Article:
Iteach Insect Pest Management, Integrated Pest Management, and Pesticides and Transgenic Crops. I am the graduate coordinator of the Master of Plant Protection and Pest Management Program (MPPPM) and advise students in the undergraduate Integrated Pest Management certification program at UGA. The MPPPM program is a professional masters degree program between the departments of Entomology, Crop and Soil Sciences, and Plant Pathology. The program is designed to produce graduates with comprehensive, multidisciplinary training in Integrated Pest Management (IPM) of insect, plant disease, and weed pests of commercial and home commodities. MPPPM graduates are trained for employment as IPM professionals in the pest control industry, pesticide and fertilizer services, cooperative extension, and regulatory agencies. The goal of the MPPPM program is to train students to be proficient in solving the types of pest management problems routinely encountered by growers and other agricultural professionals, as well as urban pest control. IPM using a blend of pest control strategies including pesticides, transgenic crops, cultural operations, and biological control is stressed in classwork. The MPPPM program is not a research-oriented degree, but graduates have successfully pursued Ph.D. degrees related to IPM. There is no thesis requirement in MPPPM, but an IPM-oriented internship is part of the program of study.
All, J.N., H.R. Boerma, W.A. Parrott, D.R. Walker, B.G. Rector, J.M. Narvel, and C.N. Stewart. 2003. pp. 36-38. Using gene mapping and resistance pyramiding for soybean improvement and insect management. D.D. Hardee (ed.). USDA-ARS Heliothis/Helicoverpa Workshop. 4: 78pp.
Lohmeyer, K. H., J. N. All, P. M. Roberts, and P. Bush. 2003. Precision application of aldicarb to enhance efficiency of thrips (Thysanoptera: Thripidae) management in cotton. J. Econ Entomol. 96: 748-754.
All, J. 2004. Integrated pest management. pp. 49-51. In: J. Capinera (ed.), Encyclopedia of Entomology. Kluwer Academic Publishers, Dordrecht, The Netherlands.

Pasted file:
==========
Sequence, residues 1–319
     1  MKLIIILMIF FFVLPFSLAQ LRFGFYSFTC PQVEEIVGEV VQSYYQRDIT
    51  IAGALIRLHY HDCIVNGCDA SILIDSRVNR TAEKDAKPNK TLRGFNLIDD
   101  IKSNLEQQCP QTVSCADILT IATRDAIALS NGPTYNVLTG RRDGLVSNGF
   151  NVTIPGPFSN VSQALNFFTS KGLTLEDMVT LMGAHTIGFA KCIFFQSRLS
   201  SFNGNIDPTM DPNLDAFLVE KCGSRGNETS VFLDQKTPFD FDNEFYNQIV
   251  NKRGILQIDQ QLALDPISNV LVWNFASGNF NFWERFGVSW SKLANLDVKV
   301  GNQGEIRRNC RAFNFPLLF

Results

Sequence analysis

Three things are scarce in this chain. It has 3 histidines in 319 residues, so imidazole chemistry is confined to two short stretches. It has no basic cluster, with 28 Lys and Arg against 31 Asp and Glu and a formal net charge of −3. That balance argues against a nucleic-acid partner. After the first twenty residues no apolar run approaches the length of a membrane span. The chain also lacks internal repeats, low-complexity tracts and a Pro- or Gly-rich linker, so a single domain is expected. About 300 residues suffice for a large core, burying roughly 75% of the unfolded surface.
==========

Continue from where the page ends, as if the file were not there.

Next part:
All, J. 2004. Cultural control. pp. 215-216. In: J. Capinera (ed.), Encyclopedia of Entomology. Kluwer Academic Publishers, Dordrecht, The Netherlands.
Walker, D. R., J. M. Narvel, H. R. Boerma, J. N. All, and W. A. Parrott. 2004. A QTL that enhances and broadens Bt insect resistance in soybean. Theor. Appl. Genet. 109: 1051-1057.
Hulbert, D., H. R. Boerma, and J. N. All. 2004. Effect of pubescence tip on soybean resistance to lepidopteran insects. J. Econ. Entomol. 97: 621-627.
Buntin, G. D., J. N. All, R. D. Lee, and D. M. Wilson. 2004. Plant incorporated Bt resistance for control of fall armyworm and corn earworm (Lepidoptera: Noctuidae) in corn. J. Econ. Entomol. 97: 1603-1611.
Zhu, S. D. R. Walker, H. R. Boerma, J. N. All, and W. A. Parrott. 2006. Fine mapping of a major insect resistance QTL in soybean and its interaction with minor resistance QTLs. Crop Science. 46:1094-1099.
J. N. All and M. F. Treacy (eds.). 2006. Use and management of insecticides, acaricides, and transgenic crops. Entomological Society of America, APS press. St. Paul, MN. 150pp.
All, J. N. and L. B. Braxton. 2006. Widestrike™ trait efficacy under variable infestations of Helicoverpa zea in greenhouse and field tests. Proc. Beltwide Cotton Conf. 15: 1095-1099.
Nachappa, P., L. P. Guillebeau, S. K. Braman, and J. N. All. 2006. Susceptibility of twolined spittlebug (Hemiptera: Cercopidae) life stages to entomophagous arthropods in turfgrass. Journal of Economic Entomology 99(5): 1711-1716.
Zhu, S., D.R. Walker, H.R. Boerma, J.N. All and
W.A. Parrott. 2007. Effects of defoliating insect resistance
QTLs and a cry 1Ac transgene in soybean near-isogenic lines.
TAG Theoretical and Applied Genetics. Springer-Verlag 10.1007/s00122-007-0682-2.
Zhu, S., D.R. Walker, C.V. Warrington, W.A. Parrott, J.N. All, E.D. Wood, and H.R. Boerma. 2007. Registration of four soybean germplasm lines containing defoliating insect resistance QTLs from PI 229358 introgressed into ‘Benning’. J. of Plant Registrations 1(2): 162-163.